Today was “Potato Day.” The Potato Farmers of Washington hand out baked potatoes larded with condiments. The line stretches down the stairs of the rotunda and almost out the door. I passed on this opportunity and had a sandwich in my office. I’ll stand in line for the BBQ beef sandwich on “beef day” but not a baked potato, despite how tasty they are.
Tomorrow (2/13/13) is “Gun Day,” with several bills being heard in the Judiciary committee at 8:00 AM. We’re expecting to have, again, random people with assault rifles slung over their back wandering the halls of the capitol. There was a protest last week with several hundred people. This is larger than some protests, but not really all that big. We typically have more people here for PTA focus day, or any of the large lobby days. I’m not involved in these bills in detail, but am a co-sponsor of the bill (HB 1588) requiring background checks for all sales of guns in Washington, including private sales and those at gun shows. This is a pretty rational requirement that is supported by large majorities (over 80%) of the American public and that I’ve supported since my initial run over a decade ago, when only 75% of the people in my district supported it. For more thoughts on gun safety you can read my post from a few weeks ago.
This morning I had an opportunity to talk to Karen Kramer’s 4th grade class from Ben Franklin Elementary in the reception room in the capitol building. It’s a lovely room that is useless for receptions because they won’t let you have food or beverages in it. The irony of life… I’ve spoken to Ms. Kramer’s classes several times over the past few years and they’re always interesting, though you never know what 4th graders will ask. While it’s great to bring kids to the capitol to see how we make laws, its more interesting to start in the fall with a classroom visit, and then to track a piece of legislation through the process. This way when the kids come down here they’re looking for something and not just marveling at the marble. Call our office to set something up – I love doing these.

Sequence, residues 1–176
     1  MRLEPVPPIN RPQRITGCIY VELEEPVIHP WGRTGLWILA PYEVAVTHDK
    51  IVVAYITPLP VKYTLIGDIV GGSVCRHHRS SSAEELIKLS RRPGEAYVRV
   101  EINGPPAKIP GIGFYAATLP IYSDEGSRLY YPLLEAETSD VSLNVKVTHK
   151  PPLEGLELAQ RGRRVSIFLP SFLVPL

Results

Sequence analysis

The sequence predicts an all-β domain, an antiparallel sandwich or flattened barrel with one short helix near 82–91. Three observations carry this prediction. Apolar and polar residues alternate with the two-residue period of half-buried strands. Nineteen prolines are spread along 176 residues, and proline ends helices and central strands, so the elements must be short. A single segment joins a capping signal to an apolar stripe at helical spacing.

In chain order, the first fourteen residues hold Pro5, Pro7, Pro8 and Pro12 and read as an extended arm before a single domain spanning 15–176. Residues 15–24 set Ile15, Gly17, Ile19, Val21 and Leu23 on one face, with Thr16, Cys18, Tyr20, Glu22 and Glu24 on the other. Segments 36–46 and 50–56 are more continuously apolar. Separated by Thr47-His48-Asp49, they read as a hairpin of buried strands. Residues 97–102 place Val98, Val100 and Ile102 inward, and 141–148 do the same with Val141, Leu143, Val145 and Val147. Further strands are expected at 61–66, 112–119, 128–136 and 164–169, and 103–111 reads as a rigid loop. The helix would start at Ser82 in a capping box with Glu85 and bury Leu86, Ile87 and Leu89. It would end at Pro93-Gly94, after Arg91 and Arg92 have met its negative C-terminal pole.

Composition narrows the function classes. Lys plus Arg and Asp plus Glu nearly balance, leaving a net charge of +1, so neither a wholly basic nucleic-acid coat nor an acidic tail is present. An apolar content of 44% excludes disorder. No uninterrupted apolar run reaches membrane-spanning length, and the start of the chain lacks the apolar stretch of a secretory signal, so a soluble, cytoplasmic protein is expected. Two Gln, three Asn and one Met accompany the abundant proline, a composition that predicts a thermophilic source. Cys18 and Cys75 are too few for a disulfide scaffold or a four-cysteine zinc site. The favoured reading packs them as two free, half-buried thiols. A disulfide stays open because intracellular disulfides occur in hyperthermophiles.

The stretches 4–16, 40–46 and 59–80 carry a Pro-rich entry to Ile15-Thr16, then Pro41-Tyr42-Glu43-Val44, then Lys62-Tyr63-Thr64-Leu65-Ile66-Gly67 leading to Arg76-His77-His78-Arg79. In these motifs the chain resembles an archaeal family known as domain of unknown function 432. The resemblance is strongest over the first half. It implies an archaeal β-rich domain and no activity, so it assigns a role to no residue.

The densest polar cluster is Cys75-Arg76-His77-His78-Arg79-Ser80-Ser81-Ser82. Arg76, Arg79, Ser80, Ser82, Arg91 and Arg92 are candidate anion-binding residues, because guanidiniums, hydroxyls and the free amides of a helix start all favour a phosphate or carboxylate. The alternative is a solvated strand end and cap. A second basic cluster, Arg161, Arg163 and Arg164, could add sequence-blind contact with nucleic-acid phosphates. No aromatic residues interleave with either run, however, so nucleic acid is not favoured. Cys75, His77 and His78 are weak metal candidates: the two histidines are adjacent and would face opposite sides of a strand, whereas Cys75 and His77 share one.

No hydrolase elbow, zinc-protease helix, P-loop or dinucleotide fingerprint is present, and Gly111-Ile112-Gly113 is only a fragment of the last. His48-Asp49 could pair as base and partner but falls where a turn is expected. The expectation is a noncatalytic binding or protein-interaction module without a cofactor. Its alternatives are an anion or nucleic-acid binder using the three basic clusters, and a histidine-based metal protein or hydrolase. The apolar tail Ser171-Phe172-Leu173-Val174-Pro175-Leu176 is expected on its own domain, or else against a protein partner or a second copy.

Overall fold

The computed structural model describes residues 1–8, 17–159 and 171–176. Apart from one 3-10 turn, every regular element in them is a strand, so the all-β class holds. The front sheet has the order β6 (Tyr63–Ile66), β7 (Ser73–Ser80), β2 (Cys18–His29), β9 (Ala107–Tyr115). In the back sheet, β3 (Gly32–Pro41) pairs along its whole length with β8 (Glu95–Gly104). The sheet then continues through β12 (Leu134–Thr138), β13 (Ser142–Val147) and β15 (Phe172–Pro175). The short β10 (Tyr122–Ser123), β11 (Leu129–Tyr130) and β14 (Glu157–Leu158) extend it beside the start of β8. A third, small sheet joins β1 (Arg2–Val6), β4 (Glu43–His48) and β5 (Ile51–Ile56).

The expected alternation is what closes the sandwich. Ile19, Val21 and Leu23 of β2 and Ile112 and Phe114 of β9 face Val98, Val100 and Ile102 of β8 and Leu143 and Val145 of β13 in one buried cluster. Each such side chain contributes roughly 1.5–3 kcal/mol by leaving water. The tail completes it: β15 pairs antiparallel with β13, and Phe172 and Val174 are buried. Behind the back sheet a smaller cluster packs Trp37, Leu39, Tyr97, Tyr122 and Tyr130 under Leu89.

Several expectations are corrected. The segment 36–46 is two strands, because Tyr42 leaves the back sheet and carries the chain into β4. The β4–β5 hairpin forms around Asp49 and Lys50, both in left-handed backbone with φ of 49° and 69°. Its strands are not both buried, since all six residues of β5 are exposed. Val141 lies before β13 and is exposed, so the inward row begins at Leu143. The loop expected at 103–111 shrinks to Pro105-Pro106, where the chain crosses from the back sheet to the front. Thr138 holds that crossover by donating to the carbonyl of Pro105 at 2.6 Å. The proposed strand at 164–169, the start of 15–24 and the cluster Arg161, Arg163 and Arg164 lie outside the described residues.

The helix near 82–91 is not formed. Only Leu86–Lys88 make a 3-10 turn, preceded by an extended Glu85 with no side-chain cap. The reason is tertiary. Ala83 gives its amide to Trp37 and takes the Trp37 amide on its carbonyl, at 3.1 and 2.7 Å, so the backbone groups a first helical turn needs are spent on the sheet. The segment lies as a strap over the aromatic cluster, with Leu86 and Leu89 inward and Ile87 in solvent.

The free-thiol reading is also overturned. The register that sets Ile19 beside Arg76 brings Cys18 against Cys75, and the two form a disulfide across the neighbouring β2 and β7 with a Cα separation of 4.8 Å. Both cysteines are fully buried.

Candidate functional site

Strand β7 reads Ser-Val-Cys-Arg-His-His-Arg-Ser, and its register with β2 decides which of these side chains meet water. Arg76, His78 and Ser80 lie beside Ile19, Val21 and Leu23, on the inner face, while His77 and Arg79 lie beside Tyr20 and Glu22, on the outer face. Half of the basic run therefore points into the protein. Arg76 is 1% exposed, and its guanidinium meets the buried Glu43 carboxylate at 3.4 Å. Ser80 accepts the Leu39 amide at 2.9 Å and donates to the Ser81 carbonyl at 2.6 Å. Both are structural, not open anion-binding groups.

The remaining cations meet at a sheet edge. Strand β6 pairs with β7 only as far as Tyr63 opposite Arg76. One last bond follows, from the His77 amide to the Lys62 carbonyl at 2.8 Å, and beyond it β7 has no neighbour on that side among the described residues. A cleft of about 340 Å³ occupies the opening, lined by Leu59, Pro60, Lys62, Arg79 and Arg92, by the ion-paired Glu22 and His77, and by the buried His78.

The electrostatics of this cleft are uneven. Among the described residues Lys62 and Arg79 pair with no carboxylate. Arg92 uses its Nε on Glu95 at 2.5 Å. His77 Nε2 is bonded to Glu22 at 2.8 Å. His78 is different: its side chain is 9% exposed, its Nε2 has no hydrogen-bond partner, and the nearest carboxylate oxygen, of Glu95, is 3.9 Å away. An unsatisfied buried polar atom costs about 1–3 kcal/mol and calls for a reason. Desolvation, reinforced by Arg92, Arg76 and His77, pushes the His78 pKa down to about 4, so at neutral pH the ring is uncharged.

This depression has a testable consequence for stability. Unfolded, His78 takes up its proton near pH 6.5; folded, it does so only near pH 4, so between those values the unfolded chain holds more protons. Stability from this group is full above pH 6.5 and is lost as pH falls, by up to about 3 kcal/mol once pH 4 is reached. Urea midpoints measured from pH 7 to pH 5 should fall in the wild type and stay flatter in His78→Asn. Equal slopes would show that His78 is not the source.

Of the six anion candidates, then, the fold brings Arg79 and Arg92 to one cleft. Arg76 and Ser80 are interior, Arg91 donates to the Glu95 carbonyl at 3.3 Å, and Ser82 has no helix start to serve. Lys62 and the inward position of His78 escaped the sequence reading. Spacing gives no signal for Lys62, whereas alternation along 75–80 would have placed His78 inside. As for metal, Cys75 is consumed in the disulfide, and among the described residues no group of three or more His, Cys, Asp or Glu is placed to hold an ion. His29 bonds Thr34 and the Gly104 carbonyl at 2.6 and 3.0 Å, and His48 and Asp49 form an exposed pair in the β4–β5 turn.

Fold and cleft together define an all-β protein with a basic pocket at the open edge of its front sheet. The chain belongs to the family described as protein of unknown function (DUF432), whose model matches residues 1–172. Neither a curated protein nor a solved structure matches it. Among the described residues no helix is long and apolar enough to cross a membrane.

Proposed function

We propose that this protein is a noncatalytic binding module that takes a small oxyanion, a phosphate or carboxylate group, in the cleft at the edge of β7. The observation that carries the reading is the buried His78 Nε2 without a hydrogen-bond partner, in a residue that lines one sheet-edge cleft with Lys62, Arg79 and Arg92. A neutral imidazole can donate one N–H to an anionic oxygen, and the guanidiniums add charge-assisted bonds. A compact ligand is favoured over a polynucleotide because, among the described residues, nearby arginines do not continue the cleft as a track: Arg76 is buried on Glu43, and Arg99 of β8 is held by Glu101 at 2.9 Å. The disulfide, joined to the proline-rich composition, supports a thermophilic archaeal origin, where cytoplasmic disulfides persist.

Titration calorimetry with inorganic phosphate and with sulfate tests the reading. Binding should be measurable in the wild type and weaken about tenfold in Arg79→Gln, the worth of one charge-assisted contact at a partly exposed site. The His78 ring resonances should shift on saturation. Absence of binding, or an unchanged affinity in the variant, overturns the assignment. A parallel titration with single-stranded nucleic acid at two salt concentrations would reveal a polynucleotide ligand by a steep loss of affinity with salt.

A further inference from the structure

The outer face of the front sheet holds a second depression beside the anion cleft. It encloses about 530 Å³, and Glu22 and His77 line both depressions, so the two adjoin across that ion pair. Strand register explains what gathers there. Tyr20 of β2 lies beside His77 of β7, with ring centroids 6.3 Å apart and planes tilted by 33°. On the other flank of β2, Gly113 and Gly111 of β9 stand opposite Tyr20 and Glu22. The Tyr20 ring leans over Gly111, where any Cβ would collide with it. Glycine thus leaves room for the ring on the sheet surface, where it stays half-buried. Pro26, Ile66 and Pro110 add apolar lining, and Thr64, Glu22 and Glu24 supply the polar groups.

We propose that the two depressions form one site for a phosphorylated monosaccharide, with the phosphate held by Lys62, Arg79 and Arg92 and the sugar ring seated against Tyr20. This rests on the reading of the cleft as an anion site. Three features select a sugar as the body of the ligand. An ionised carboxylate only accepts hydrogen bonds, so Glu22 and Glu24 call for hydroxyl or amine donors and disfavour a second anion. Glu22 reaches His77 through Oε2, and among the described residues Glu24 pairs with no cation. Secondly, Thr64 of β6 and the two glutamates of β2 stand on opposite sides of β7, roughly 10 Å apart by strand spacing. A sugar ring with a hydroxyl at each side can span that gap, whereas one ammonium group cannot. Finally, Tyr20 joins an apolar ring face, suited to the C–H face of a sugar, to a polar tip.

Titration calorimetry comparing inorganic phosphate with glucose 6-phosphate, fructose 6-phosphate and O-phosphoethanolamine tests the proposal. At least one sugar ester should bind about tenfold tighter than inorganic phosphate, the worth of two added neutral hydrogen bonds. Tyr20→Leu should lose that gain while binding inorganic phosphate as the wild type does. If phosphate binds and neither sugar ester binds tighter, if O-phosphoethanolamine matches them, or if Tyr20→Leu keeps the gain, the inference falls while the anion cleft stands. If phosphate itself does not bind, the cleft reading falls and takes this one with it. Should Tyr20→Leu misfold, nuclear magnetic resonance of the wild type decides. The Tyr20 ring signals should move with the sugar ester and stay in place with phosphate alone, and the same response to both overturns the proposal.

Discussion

In addition to the 4th graders, I had 13 other meetings today, starting with Gov. Inslee in the morning and ending with a review of several issues with the budget committee staff. I’m struggling to work out details of a specific proposal on school funding and the numbers just don’t want to line up and do what I want them to. We’re on version 9 or 10 of this particular proposal.
In the Appropriations committee today we had a public hearing on HB 1043, which limits differential tuition at our universities. You can watch the hearing through the miracle of the Internet (thank you Al Gore) here. Two years ago I supported differential tuition as a tool to help the UW and our other 4-year schools find a way to offer more engineering courses. I’ve since been convinced it’s a bad idea for a number of reasons.
- It makes our guaranteed education tuition (GET ) program have a large unfunded liability – over $600 million. (We can solve this by eliminating differential tuition and not raising tuition in the next 2 years.)
- It makes some careers prohibitively expensive for lower and middle-income kids. These are exactly the careers we want them to qualify for.
- Having a student in college makes me aware that they change majors with some frequency.
We are expecting to pass the bill out of committee tomorrow. To replace the ability of the universities to raise more money for expensive programs I think we are going to have to negotiate for and provide the funds directly.